# Helicoid

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The helicoid is one of the first minimal surfaces discovered. Its name derives from its similarity to the helix: for every point on the helicoid there is a helix contained in the helicoid which passes through that point.

The helicoid is also a ruled surface, meaning that it is a trace of a line. Alternatively, for any point on the surface, there is a line on the surface passing through it.

The helicoid and the catenoid are parts of a family of helicoid-catenoid minimal surfaces.

The helicoid is shaped like the Archimedes' screw, but extends infinitely in all directions. It can be described by the following parametric equations in Cartesian coordinates:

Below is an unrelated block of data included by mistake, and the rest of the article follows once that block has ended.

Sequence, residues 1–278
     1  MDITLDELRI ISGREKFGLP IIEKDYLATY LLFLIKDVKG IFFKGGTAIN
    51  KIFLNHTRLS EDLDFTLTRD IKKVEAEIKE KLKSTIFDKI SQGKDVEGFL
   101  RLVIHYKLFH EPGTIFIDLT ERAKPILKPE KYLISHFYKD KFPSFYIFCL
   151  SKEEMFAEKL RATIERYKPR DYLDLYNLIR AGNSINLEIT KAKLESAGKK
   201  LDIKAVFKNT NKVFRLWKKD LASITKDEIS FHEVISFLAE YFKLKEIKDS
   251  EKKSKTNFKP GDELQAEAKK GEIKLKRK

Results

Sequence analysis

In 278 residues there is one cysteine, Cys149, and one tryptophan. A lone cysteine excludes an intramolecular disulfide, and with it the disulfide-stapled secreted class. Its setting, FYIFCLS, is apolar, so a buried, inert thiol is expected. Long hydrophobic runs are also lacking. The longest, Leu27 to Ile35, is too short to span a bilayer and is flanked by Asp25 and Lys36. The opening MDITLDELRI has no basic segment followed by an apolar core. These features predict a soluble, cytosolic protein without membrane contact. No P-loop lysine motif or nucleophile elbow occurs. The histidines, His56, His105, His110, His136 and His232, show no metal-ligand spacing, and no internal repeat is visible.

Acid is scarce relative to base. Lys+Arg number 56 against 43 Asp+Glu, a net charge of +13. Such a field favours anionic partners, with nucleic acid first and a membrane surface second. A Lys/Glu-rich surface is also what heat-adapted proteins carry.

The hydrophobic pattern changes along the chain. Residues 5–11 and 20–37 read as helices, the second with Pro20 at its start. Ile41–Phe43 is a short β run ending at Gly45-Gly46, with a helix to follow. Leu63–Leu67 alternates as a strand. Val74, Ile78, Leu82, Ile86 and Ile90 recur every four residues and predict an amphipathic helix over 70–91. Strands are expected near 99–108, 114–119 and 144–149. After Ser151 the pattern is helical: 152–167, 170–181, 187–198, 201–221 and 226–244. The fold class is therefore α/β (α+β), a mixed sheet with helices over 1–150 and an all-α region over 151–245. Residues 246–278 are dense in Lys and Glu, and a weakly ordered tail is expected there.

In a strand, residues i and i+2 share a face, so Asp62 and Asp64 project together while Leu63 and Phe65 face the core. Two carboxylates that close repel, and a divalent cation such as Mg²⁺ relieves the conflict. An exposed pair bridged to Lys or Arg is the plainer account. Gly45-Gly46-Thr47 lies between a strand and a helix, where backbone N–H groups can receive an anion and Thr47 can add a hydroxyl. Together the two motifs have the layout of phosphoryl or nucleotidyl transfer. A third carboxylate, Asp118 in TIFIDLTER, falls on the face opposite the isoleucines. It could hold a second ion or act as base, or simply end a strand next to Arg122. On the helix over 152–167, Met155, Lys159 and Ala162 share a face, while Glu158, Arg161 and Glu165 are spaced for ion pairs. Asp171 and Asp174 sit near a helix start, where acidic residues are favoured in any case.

[itex] x = \rho \cos \theta, \ [itex]
[itex] y = \rho \sin \theta, \ [itex]
[itex] z = \alpha \theta, \ [itex]

where both ρ and θ range from negative infinity to positive infinity.

The helicoid is homeomorphic to the plane [itex] \mathbb{R}^2 [itex]. To see this, let alpha decrease continuously from its given value down to zero. Each intermediate value of α will describe a different helicoid, until α = 0 is reached and the helicoid becomes a plane (a plane is a degenerate helicoid).

A plane can be turned into a helicoid by choosing a line on the plane (call it an axis) then twisting the plane around that axis.

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